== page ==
Breaking is not defined as physically damaging something to get in. The simple act of opening the door of a building you are not supposed to be in is breaking into it. It is entering once you ingress through the door into the property. By walking through the door into someone’s house or property without permission, even if the door wasn’t locked or was broken/ajar/abandoned you can be charged with breaking and entering and also trespassing depending on the state and local ordinances involved.

        • Rosencratz

          I think it depends on the country, as i said.
          Your mention of “State” suggests you are talking about America(assumption) where Urbex is less popular specifically because of the restrictive laws.
          This article references an event that took place in France. Europe, in general is a more popular location for Urbex because, as i said, the property damage is an important part of breaking and entering. If no damage is done, if a door open or a wall caved in so all you have to do is walk in off the street to get there without having to force your way in at all then it is merely trespassing.

          Trespassing over here is usually considered just an act of poor manners or a simple accident, you can be shoo’d on and if you leave when prompted that should be the end of it. Causing damage to or taking property you don’t own is where things get strictly illegal.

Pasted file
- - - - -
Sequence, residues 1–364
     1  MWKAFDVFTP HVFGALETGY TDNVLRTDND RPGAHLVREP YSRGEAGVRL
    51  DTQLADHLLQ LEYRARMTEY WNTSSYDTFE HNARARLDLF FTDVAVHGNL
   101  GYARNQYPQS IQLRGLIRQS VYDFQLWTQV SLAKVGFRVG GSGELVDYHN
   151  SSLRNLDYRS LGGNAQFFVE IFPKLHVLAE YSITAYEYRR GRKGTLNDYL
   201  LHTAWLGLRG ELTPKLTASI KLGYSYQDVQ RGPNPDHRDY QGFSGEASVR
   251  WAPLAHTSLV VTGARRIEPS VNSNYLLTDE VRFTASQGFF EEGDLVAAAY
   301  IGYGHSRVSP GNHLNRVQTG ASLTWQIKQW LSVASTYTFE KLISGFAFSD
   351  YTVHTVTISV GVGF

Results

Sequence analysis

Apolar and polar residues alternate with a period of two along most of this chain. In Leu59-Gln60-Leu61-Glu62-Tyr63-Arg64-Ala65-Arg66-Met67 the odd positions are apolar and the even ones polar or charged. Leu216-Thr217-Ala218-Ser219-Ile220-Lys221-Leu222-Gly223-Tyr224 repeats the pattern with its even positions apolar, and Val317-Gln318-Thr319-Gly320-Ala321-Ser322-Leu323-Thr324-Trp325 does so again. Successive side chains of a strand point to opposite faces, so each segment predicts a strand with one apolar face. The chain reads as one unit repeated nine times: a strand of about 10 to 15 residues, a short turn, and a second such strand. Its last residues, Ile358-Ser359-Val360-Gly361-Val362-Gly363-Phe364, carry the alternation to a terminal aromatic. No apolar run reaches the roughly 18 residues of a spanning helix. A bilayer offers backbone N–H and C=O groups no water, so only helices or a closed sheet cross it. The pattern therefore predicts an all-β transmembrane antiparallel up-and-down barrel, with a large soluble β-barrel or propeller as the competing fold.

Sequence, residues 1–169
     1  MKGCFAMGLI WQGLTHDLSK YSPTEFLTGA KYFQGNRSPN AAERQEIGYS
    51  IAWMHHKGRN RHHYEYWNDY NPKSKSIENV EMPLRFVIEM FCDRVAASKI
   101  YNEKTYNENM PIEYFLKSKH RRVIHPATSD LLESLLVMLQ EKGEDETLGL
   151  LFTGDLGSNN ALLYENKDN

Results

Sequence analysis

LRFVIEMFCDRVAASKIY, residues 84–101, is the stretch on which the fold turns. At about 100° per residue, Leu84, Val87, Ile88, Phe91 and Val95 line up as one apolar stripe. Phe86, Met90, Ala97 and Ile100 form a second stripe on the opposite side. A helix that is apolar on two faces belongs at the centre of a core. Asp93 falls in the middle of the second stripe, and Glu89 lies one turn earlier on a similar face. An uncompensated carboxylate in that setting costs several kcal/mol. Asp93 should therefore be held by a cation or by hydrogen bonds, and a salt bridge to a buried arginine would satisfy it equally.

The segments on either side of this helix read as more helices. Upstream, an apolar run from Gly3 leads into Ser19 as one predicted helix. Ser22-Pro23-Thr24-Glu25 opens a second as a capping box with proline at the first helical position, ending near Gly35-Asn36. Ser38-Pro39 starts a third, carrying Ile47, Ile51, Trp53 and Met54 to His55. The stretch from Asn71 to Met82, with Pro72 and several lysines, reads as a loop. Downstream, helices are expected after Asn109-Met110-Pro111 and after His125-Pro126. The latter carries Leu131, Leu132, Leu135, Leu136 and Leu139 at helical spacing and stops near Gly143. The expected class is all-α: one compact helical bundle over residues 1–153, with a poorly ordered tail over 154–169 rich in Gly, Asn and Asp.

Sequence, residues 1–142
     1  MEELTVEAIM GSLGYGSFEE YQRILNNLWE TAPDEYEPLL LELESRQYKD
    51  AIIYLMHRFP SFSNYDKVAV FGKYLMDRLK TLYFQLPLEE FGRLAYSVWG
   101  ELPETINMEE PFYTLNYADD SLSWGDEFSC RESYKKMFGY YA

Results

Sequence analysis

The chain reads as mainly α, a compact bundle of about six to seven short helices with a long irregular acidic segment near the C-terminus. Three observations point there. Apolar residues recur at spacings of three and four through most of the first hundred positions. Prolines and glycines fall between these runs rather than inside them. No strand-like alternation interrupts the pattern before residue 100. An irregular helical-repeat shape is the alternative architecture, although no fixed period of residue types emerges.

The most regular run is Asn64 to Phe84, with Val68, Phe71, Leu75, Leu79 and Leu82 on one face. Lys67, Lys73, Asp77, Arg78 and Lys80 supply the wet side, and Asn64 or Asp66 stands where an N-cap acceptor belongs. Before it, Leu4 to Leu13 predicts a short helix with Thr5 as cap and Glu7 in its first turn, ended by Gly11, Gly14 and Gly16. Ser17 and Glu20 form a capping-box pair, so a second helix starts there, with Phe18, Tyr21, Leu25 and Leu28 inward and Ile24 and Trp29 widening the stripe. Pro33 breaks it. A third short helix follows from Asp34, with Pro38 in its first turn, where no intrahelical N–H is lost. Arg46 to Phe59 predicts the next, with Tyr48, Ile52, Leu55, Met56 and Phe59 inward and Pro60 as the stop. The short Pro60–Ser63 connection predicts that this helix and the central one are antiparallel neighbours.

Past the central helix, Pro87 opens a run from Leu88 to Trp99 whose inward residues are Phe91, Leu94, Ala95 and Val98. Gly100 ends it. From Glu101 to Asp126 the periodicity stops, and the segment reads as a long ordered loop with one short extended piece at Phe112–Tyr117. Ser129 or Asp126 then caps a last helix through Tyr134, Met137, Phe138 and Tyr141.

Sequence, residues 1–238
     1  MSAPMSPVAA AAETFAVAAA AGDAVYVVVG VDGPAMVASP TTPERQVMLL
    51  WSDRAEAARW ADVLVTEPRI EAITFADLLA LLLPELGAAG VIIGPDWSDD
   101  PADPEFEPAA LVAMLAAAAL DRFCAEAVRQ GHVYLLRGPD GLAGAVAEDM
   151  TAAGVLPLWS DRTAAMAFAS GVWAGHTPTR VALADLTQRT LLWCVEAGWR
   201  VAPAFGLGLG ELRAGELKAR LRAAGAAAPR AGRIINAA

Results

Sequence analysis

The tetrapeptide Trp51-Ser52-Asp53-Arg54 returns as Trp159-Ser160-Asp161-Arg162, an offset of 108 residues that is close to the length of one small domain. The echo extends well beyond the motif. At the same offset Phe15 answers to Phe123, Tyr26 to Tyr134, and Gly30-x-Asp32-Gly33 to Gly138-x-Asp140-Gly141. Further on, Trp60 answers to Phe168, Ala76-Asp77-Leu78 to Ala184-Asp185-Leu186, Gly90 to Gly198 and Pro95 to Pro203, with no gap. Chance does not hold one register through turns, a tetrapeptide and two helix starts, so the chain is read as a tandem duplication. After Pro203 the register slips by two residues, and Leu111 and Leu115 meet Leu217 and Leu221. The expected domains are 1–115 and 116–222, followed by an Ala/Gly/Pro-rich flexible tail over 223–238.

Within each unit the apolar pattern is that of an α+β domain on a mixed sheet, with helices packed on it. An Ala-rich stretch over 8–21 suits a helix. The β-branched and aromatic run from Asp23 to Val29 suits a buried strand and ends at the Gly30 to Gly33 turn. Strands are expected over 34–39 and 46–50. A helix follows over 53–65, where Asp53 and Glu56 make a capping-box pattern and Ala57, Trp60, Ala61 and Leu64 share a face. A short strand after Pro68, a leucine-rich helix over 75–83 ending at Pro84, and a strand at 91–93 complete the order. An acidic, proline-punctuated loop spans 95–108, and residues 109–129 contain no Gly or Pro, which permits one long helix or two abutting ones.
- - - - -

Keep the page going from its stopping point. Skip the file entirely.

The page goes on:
• alex

    And they ruined the photo with shitty HDR.

    • jclbc

      Just think how much worse they could have ruined it had they had a year in cell to tinker with it.

    • Rosencratz

      You could get the same effect just by lifting the shadows imo.
      Not necessarily HDR.
      P.S/ HDR is a perfectly fine technique used properly.

  • OsFa Urbex

    Urbex = tresspassing not B&E. This is just a common story for urbexers.. Getting caught is eventually a part of the game. The suspended punishment is kind of harsh but hey… read the last lines: on to the next location ๐Ÿ˜€ that is the urbex mentality.

    Every Urbex-ers has some “battle stories” to tell after a few years of exploring. (Personal record: 1 drop through rotten floor, 1 bust @ gunpoint, 2 ripped pants, 4 neighbour busts)….

    For those who don’t explore and jump on the “moral … you are B&E” horse. You will never understand that even this story is a part of the urbex lure.

    tresspassing is not a crime… it’s a offence (according to dutch and belgium law)…

    • Wil Fry

      “trespassing is not a crime”

      I’m not sure how it’s classified in France (where the above occurred), and in fact the story doesn’t even say which specific crime/offense they were charged with.

      Here in the U.S. (at least in the several states in which I’ve lived), trespassing is a crime, though usually a misdemeanor. Fines are generally low (compared to the story above), however, and usually there is no jail time associated with the case (unless there are extenuating circumstances).

      • malingerer

        in many states within the grand ole US of A you can get shot ‘legally’ for trespassing… I’d be adverse to doing it there :(

        • OsFa Urbex

          That is why the urbex scene is larger in Europe compared to the us in my opinion… Smaller change of mortal encounters :)

  • J. Philip vanHeijkoop

    Usually there is a reason why these places are abandoned and fenced of. And if you break in (even just to take pictures) and something happens to you or the building because you fell through the floor or whatever the owner of the building can also get into a heap of trouble (besides the fun and joy of finding a corpse). It’s not that hard to track down the people who own/guard these places and ask them if you are allowed to take a look and take some pictures. They will then also tell you where not to go and might even show you some neat places you didn’t know were there.